Global food prices fell 1 percent in February to their lowest in more than four-and-a-half years, with cereals, meat and sugar declining, oils steady and only dairy prices rebounding sharply, the United Nations food agency said on Thursday.
The U.N. Food and Agriculture Organization's (FAO) price index, which measures monthly changes for a basket of cereals, oilseeds, dairy, meat and sugar, averaged 179.4 points last month, 1.8 points below its reading in January.
High global production, low crude oil prices and limited demand from major importers including China have helped cap food prices for the past year and the index has now been declining since April 2014 to reach its lowest since July 2010.
Cereal stocks at the end of the 2014-15 season are now forecast to reach 630.5 million tonnes, up almost 8 million tonnes from a previous reading to reach their highest levels in 15 years.
FAO's forecast for world cereal production in 2015 reached 2.542 billion tonnes, 8 million tonnes above the forecast made in January.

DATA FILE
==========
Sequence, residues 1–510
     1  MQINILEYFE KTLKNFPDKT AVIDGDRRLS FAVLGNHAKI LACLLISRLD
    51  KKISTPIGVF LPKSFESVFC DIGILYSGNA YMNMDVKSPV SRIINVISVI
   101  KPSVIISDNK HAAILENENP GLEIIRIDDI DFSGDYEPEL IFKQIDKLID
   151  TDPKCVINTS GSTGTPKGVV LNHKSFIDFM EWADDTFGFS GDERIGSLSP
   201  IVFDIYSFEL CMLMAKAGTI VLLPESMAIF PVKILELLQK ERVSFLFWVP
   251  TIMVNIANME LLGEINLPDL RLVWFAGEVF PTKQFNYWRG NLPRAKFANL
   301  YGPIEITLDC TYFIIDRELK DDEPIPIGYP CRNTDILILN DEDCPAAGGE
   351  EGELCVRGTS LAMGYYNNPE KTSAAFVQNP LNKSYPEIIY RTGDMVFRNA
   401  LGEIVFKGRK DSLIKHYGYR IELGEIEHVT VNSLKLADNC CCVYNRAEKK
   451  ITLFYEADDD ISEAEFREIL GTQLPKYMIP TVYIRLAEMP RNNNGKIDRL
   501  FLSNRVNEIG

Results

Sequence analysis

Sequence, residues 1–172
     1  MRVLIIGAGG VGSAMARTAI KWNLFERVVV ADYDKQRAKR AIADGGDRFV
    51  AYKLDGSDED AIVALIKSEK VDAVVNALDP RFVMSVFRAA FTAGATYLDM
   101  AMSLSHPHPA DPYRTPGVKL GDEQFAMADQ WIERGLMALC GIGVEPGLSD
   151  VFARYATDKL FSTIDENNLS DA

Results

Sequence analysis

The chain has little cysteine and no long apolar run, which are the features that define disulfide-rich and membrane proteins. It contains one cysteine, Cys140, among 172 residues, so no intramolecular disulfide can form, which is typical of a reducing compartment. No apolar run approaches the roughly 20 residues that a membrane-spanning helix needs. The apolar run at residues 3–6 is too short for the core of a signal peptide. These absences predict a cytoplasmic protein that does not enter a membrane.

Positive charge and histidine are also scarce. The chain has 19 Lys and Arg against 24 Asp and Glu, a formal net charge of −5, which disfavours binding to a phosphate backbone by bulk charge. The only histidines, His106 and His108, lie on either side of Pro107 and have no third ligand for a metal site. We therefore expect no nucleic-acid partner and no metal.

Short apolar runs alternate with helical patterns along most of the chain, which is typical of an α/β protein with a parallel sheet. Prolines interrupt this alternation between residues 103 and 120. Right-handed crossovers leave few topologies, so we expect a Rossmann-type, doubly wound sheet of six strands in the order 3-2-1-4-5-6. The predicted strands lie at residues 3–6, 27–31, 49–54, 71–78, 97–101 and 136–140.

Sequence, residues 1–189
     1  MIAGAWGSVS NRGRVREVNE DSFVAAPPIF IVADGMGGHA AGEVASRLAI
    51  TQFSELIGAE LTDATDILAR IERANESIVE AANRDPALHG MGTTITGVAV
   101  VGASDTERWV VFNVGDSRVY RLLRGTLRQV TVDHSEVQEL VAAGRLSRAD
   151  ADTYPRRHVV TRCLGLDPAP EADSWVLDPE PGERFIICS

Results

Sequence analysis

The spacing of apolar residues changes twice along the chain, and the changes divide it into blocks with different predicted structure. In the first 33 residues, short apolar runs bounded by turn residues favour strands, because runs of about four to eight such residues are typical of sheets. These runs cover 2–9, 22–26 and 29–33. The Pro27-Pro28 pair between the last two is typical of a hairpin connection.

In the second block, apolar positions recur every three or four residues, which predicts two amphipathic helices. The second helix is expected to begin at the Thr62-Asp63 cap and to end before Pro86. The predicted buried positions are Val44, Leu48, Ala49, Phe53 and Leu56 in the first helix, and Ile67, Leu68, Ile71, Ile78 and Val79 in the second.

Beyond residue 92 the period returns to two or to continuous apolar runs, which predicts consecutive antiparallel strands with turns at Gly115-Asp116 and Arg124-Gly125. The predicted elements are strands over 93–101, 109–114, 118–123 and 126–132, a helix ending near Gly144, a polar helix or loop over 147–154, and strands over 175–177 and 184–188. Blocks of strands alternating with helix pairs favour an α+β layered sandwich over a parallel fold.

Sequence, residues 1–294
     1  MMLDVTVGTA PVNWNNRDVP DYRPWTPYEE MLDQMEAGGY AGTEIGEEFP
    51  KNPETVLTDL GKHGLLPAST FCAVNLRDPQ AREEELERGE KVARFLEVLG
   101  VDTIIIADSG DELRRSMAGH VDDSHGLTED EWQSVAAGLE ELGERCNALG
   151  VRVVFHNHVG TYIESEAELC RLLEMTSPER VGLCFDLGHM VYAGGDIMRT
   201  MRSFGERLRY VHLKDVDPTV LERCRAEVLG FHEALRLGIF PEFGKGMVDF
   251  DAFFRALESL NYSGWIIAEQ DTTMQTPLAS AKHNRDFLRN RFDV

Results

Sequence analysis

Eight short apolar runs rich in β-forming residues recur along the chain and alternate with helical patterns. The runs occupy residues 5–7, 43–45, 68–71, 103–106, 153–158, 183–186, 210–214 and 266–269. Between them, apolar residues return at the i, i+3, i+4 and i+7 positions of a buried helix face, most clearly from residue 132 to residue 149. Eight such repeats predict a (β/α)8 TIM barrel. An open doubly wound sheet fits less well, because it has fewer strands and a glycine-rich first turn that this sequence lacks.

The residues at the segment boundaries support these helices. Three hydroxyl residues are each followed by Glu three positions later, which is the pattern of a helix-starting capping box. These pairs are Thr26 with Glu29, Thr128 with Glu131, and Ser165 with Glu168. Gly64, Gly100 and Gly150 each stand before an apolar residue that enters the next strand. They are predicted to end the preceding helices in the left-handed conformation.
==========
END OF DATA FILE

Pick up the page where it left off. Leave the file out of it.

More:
Cereals prices were down 3.2 percent from January, with wheat prices sharply lower on better production prospects and large inventories.
Meat prices fell 1.4 percent, pulled down by cheaper beef, mutton and lamb that outweighed stable poultry prices and higher pork prices.
Following eight months of decline, pork prices were bolstered by the announcement of European subsidies for private storage.
Sugar prices fell 4.9 percent from January on higher output from Brazil, the world's largest sugar producer and exporter, together with a weakening in the Brazilian real currency and the announcement of sugar export subsidies from India.
A slight rise in palm oil prices, following floods in Malaysia and an increase in biodiesel subsidies in Indonesia, lifted the vegetable oil price index by 0.4 percent.
Dairy prices showed the strongest gains, rising 4.6 percent from January to post their first increase in a year. The rise was caused by drought in New Zealand and limited export supplies from Australia, together with a curb in European production to avoid breaching output quotas. (Reporting by James Mackenzie; Editing by Agnieszka Flak and Dale Hudson)